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Biography of Betty BIGOMBE

Uganda > Politics : Betty BIGOMBE

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Biography :

Betty Oyella Bigombe is a former Uganda government minister and consultant to the World Bank. She  has been involved in peace negotiations to end the Lord's Resistance Army (LRA) insurgency since the early nineties. Since March 2004, Bigombe has been the chief mediator between the LRA and the government of Uganda, in an effort to end 20-years of conflict. Under

 Betty was born in Gulu, northern Uganda, in 1954, one of 11 children. A natural leader and hard worker, she went on to university and was eventually elected as one of Uganda's first female government ministers in 1988.

It was only a few years after Idi Amin, the former dictator, had been overthrown and a former rebel leader, Yoweri Museveni, had just been elected president. But several new rebel movements emerged. As the war dragged on, more than two million people were displaced and thousands more died.

Betty was appointed minister of pacification, in charge of trying to bring peace to the troubled north. "I was of the same tribe as the rebels," she says. "I very soon realized that the rebels were not going to surrender. I had to convince the government of Uganda that they would have to deal with the problems that were leading these rebels to fight.

"If peace talks are left to men, they discuss wages, cars and military," says Betty. "Women broaden the scope; they are more inclined to discuss day-to-day concerns such as water, education and health care. Women are also less threatening" and, she says, paradoxically can thus get away with using stronger language to get the message across. "Women also bring about sustainable peace because they try as hard as possible to ensure what has been agreed upon is implemented."

Finding ways to prevent raids
As chief mediator, Betty occasionally used her own money to buy food for the rebels. "The more they have," she says, "the fewer deadly raids they make on local villages." She has also worked tirelessly to bring food and medical assistance to the communities that have been affected by the conflict, and to create wider awareness of their need.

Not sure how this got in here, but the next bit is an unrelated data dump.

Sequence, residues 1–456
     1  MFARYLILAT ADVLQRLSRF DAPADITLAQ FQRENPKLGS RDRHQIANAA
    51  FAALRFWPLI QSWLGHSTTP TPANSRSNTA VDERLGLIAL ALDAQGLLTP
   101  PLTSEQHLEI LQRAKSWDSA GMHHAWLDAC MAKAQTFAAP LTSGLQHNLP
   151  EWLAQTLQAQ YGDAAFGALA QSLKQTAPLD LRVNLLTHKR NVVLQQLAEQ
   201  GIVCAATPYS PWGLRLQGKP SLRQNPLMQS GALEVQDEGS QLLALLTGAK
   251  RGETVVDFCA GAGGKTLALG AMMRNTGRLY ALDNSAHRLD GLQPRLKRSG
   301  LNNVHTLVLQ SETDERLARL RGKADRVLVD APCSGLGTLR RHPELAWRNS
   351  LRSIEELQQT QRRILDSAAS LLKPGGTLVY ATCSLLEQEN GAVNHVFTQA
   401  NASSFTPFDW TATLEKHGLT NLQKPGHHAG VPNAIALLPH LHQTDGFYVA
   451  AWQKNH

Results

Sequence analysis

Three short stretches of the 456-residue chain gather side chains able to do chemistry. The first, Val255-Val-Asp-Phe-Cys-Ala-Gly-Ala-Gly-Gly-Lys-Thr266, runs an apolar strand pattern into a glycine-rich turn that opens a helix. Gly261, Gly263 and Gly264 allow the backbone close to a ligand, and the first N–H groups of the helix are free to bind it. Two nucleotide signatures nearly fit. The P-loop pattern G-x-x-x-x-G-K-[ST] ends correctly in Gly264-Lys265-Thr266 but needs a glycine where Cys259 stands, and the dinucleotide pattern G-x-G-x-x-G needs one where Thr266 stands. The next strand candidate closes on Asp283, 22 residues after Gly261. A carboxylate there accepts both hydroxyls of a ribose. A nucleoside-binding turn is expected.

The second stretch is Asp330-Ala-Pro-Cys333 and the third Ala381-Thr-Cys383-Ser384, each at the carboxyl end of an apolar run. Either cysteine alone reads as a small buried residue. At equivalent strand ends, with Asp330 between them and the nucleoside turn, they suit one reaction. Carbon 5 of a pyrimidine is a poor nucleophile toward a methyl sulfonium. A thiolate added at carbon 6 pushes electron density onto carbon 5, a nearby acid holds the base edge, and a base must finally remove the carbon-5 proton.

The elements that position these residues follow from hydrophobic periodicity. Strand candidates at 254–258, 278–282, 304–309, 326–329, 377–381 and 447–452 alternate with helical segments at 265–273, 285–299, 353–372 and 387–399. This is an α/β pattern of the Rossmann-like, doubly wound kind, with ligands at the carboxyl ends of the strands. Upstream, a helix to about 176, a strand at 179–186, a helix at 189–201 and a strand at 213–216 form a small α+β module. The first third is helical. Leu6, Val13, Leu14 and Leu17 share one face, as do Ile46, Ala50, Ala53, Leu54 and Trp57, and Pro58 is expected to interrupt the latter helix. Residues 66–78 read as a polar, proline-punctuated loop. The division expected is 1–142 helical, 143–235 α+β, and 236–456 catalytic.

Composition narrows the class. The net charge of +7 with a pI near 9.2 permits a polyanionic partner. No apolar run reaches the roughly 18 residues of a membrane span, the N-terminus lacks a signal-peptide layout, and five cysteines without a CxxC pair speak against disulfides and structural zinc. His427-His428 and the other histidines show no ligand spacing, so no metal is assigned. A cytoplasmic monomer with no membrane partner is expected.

She helped the Canadian organization Act for Stolen Children release the awareness-raising film Uganda Rising in 2006 with the cooperation of several groups funded by CIDA, including Oxfam, Care Canada, UNICEF and World Vision Canada. Betty has also worked with the Canadian group Guluwalk, which organizes annual awareness and fundraising walks for children affected by the war. And now, the newly formed Betty Bigombe Children of War Foundation aims to generate worldwide awareness of the plight of people in northern Uganda.

Thanks to Betty's remarkable ability to persuade both sides to come to the table, a ceasefire was agreed upon in August 2006. And as a result of increasing world interest in the conflict, largely due to Betty's efforts, the latest round of talks -- ongoing -- are internationally led.

At press time, rebel leader Joseph Kony had several times refused to sign a final peace agreement as scheduled, but Betty remains optimistic. Awareness raising in Canada and other countries is a vital part of the process, she says. "These talks need international support to succeed, and I feel this support is now there."


Last update : 09/19/2008

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